The gig economy makes up an increasingly large proportion of jobs. In the UK, the gig economy employs roughly one in ten people, and it shows no signs of stopping. For those in the gig economy, there is no job security or benefits, making them far more susceptible to the economic impact of something like coronavirus. This also has knockon effects for other people and the spread of coronavirus as a whole. Gig economy workers are unlikely to be able to stop working, even if they get sick. But as more and more people become largely confined to their homes, delivery workers will be relied on more than ever, making it possible that these gig workers could become super spreaders. Conversely, services from gig economy companies may become extraordinarily expensive if workers elect to isolate themselves, exposing the ways in which we heavily rely on the gig economy with no measures for its continuance in an emergency.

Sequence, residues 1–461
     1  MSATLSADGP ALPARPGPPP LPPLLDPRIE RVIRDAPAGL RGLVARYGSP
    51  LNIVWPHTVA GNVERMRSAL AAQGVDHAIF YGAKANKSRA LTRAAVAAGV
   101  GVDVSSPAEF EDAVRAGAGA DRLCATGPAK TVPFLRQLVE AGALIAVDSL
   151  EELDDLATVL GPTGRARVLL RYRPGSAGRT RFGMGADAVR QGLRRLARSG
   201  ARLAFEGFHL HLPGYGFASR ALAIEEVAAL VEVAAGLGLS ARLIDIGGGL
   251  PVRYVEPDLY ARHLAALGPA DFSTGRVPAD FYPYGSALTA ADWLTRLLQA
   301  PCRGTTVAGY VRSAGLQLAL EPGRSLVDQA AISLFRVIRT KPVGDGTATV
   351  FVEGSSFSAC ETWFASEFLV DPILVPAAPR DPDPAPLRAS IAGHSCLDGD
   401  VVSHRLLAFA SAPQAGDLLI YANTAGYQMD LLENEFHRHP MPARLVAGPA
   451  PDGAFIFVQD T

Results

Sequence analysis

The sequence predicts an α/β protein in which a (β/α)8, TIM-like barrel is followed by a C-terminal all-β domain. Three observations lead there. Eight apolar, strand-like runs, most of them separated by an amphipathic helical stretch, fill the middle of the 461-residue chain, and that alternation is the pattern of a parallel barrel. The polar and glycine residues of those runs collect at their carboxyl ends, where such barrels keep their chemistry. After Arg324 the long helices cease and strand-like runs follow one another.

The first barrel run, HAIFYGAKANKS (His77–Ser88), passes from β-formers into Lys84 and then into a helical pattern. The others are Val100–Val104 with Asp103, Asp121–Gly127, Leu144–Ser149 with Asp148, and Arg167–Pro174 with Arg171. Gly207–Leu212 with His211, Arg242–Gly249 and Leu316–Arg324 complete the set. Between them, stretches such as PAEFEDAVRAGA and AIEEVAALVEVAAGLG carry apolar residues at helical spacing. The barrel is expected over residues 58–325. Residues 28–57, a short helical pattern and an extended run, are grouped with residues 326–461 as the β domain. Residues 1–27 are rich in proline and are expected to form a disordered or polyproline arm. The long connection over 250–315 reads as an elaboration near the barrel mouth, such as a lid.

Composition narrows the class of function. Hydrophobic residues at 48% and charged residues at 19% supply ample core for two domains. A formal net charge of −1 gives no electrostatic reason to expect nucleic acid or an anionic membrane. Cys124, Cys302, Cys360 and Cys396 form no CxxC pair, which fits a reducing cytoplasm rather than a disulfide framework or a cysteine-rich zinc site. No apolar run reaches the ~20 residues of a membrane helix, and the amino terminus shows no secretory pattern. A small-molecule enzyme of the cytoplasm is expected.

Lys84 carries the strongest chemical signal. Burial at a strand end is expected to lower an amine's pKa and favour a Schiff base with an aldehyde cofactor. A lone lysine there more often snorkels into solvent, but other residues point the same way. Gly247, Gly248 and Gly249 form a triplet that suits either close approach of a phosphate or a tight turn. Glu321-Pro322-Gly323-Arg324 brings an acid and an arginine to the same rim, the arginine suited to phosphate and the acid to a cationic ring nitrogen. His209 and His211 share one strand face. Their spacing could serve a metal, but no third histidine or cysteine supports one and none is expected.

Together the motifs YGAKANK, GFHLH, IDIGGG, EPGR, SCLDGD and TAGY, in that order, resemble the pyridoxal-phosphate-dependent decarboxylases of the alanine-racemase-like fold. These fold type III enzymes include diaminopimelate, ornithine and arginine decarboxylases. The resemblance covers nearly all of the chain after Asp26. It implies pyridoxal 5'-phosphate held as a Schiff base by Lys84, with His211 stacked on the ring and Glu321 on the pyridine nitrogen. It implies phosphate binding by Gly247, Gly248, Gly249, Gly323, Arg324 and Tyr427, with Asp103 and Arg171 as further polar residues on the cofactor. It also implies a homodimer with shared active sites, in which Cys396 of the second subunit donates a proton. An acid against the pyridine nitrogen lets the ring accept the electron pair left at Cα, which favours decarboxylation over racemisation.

[P1] We are increasingly reliant on gig economy workers. [P2] Gig economy workers have no protections. [P3] These things combine mean an emergency like coronavirus could have a serious effect on both gig economy workers and those who have come to rely on them.
Rejecting the premises